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My New Country Living

I’ve been posting commentary here on this blog as I would pen thoughts in a diary.  Though I know that people will read them, I give really no care to what I write.  That being said, I have to share another tidbit of my overwhelmed life.  It’s about the latest change in my life, COUNTRY LIVING.

When I say country living, I am referring to the location of my home.  It’s in God’s country, as I was told by someone who had visited our house from town.  (Town for me has always been those cities where you can find department stores, fast food places, and other amenities that most people in this country take for granted.) Country for me is measuring distance in miles.  Like the fact that my closest neighbor is 1/4 mile away.  Another indicator of being in the country is that directions to my house may include turning off a paved road, and one of the paved roads that leads to our house is just chip-n-seal.  For folks that may not know, chip-n-seal is gravel that’s had road tar layered on top and pounded down.  It seems like pavement, but it doesn’t hold up like other kinds of pavement.  The closest city with amenities for me is thirty miles away or more; depending on what you might be looking to find.

Some people might find the distances disconcerting.  I don’t because there are so many things I love.  At night, I can see the stars.  I find it fascinating that I can see so many more out here then the many times we lived in town.  The lights of town drown out the night sky.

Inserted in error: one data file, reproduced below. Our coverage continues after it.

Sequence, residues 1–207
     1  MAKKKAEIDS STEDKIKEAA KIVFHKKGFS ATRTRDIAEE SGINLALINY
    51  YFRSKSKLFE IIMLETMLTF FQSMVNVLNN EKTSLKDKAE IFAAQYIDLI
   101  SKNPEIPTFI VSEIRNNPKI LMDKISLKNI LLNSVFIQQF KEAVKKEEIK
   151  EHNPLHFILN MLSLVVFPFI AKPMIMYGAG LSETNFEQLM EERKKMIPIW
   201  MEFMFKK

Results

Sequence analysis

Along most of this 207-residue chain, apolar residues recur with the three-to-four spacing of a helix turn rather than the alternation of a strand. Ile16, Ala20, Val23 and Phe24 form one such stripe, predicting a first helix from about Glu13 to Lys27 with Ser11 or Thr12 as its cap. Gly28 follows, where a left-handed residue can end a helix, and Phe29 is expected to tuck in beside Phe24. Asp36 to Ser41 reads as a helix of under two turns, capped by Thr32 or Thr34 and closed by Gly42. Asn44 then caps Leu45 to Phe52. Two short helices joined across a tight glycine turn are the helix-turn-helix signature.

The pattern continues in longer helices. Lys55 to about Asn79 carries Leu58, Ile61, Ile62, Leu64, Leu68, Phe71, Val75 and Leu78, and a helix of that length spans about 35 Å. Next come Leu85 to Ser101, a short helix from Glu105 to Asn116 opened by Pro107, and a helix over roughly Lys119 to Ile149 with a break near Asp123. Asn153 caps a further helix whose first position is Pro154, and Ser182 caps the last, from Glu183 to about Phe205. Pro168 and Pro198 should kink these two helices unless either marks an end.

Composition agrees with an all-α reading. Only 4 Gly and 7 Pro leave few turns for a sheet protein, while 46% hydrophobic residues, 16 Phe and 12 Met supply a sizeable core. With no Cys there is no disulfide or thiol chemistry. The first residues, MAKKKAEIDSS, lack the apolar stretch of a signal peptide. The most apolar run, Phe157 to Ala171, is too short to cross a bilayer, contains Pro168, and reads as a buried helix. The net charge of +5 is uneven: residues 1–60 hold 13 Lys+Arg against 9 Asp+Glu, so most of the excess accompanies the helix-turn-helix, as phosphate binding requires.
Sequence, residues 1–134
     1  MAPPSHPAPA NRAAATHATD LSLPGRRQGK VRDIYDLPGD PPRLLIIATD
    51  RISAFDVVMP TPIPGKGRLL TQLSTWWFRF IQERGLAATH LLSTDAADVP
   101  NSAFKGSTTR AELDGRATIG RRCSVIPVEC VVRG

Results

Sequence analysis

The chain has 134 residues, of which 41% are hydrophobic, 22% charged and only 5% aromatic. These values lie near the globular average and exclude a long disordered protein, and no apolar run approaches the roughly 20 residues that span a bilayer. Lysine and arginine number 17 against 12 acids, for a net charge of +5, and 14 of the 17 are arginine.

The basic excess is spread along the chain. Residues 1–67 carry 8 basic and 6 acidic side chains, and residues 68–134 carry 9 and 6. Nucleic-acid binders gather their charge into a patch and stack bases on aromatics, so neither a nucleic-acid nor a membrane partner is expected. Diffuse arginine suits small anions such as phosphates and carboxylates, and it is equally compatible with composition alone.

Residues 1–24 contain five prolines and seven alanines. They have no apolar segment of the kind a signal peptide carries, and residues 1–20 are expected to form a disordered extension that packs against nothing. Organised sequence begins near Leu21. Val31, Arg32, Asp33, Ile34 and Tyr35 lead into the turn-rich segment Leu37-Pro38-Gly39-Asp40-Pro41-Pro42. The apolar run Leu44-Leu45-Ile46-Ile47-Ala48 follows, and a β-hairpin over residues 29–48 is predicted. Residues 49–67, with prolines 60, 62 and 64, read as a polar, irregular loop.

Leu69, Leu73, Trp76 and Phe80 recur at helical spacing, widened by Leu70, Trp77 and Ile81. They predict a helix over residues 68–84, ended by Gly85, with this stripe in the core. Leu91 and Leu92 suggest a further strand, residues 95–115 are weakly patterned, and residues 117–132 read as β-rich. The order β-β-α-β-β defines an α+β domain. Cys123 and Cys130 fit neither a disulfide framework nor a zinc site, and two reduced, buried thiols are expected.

The sounds of the country may sound loud to others, but loud to me are sirens, thumping bass that rattles windows, and other general car/truck sounds.  Out here in the country, I hear crickets, cicadas, birds, turkeys, and coyotes.  I hear tractors working the earth and growth.  It is pure relaxation to hear the sounds of life in the country.

Something new for me now that I live in the country, I have had to learn to heat with wood.  I have a propane furnace, but it doesn’t do as good of a job.  I haven’t yet learned how to run the chainsaw, but I can run the splitter.  I, along with honey-do, am learning the best methods and woods to burn in our heater.  Wood heat is a warmer heat.  It permeates the whole house.  I just love it!

Back to the new grind of country life.  Gotta keep the wood burning.


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